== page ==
Healing, Knowing, Seeing the Body

 


The human body has the potential to serve as a universal point of connection. The feats it can achieve, the wonder it can inspire, and the pain it can endure offer possibilities for uniting us through shared experience. Yet, the body is also individual and intimate, shaped both by cultural context and personal circumstance. It serves as a site of violence and debate, providing visible ways to identify and label difference that can lead to widespread injustice. This exhibition emphasizes the unique and profound contributions artists have made toward understanding the human body in all of its complexities and contradictions. 

Our bodies always matter, but they take on an extra layer of relevance right now. As conversations around global health and systemic racism swirl in a divisive political context, this exhibition encourages you to celebrate your unique body and the experiences it holds. It invites you to feel connected to other bodies through time and across space, and to reflect on how we can care for and offer community to one another through art.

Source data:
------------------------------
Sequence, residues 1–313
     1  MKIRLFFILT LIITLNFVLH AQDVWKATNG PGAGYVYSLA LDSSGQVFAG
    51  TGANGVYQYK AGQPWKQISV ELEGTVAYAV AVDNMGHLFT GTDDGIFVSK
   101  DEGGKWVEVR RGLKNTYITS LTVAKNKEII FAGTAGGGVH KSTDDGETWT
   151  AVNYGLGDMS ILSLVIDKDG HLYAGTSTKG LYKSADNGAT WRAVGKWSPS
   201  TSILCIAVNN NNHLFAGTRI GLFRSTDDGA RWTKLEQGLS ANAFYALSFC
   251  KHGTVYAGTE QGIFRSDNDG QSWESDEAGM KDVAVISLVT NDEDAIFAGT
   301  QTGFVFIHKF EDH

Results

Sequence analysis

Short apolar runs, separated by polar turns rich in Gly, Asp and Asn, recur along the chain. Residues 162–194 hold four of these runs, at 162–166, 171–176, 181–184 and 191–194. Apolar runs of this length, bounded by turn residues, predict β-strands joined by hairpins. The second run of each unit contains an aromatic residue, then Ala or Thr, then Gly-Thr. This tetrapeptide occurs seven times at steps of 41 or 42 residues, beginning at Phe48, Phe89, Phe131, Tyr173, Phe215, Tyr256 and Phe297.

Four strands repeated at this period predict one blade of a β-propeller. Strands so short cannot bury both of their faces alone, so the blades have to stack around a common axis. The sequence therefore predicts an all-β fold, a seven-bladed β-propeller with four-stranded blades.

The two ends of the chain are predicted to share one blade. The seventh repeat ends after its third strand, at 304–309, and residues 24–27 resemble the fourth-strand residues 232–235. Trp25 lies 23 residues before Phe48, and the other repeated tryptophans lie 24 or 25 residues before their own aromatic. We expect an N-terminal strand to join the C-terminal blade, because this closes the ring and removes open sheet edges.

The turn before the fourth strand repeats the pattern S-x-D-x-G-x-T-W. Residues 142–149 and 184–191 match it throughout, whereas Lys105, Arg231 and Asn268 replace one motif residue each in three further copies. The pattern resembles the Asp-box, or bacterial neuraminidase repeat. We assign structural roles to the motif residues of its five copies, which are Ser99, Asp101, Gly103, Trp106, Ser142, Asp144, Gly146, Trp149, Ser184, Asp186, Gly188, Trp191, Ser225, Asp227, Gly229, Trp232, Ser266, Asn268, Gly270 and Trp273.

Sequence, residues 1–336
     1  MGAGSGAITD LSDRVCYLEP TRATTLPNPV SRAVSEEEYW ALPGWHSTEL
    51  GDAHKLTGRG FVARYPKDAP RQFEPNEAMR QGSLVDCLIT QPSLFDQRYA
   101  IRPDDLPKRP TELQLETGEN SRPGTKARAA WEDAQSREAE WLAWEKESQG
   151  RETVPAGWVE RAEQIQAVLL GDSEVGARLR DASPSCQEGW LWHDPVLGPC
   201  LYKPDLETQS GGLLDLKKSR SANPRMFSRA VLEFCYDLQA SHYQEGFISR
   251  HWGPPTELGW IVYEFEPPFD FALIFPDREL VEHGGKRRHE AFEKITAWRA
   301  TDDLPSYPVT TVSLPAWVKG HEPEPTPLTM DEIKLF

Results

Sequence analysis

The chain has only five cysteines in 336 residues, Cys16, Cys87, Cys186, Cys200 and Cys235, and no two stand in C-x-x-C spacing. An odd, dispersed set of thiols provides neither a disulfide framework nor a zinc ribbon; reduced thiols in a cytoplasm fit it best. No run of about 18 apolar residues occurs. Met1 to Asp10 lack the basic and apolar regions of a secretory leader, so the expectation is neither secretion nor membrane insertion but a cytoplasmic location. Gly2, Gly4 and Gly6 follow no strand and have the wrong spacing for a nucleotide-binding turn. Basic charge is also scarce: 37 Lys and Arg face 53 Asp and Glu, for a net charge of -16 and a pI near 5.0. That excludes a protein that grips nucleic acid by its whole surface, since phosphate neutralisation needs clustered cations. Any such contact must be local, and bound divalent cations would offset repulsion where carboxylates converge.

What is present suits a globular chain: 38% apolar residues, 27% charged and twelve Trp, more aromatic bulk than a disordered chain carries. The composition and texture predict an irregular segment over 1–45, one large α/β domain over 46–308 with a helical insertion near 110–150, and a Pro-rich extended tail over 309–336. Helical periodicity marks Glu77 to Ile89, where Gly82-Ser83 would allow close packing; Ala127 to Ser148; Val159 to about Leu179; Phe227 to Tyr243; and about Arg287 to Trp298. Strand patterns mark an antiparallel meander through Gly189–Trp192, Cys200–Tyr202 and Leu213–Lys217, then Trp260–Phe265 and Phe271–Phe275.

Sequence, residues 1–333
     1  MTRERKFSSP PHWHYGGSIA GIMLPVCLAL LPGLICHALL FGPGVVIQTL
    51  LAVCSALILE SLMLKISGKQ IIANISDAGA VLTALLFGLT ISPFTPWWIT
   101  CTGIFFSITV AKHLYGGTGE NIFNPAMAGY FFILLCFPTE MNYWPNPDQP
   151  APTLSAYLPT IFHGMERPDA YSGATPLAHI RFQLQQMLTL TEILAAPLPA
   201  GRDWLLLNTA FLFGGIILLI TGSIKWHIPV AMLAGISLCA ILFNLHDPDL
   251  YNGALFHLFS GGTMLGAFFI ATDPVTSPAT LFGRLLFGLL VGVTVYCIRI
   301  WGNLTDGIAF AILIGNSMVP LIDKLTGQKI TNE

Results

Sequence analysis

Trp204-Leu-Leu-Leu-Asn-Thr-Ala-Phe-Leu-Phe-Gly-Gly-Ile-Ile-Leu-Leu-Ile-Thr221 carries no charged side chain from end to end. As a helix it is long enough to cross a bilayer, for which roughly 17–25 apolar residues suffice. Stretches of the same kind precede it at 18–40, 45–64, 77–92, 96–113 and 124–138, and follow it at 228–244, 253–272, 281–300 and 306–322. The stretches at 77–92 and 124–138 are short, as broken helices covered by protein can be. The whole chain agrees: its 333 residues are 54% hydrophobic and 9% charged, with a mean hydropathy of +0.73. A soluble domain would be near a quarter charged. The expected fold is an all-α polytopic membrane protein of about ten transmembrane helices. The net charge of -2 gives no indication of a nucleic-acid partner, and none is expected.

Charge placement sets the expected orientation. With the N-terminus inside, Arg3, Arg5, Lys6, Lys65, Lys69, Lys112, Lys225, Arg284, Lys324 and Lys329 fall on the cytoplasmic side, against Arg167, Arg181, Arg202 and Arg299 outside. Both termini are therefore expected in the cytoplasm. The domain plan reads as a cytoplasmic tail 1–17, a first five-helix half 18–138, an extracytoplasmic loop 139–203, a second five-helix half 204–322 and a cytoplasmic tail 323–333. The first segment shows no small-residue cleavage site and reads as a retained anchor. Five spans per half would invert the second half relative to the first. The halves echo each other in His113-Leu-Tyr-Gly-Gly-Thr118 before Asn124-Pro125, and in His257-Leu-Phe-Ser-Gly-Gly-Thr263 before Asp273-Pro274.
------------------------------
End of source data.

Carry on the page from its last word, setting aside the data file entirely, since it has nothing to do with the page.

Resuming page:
Healing

addresses broad topics such as cross-cultural perspectives on illness, aging, and death


Knowing

reveals the roles that art can play in expanding knowledge about the body


Seeing

highlights the new forms of understanding we generate by observing and visualizing


This exhibition is supported by the National Endowment for the Arts, Kansas Creative Arts Industries Commission, Mid-America Arts Alliance, the International Artist-in-Residence Fund, the Linda Inman Bailey Exhibitions Fund, Anne and Charles Rhoades, the Andrew W. Mellon Foundation, KU Student Senate, KU Research Investment Council, Spencer Museum of Art Marilyn Stokstad Directorship Fund, Olin K. and Mary Ruth Petefish Museum of Art Fund, Mary P. Lipman Children’s Education Fund, the Judith M. Cooke Native American Art Fund, and the Friends of the Art Museum. Ingrid Bachmann received individual support from Canada Council for the commission Embrace.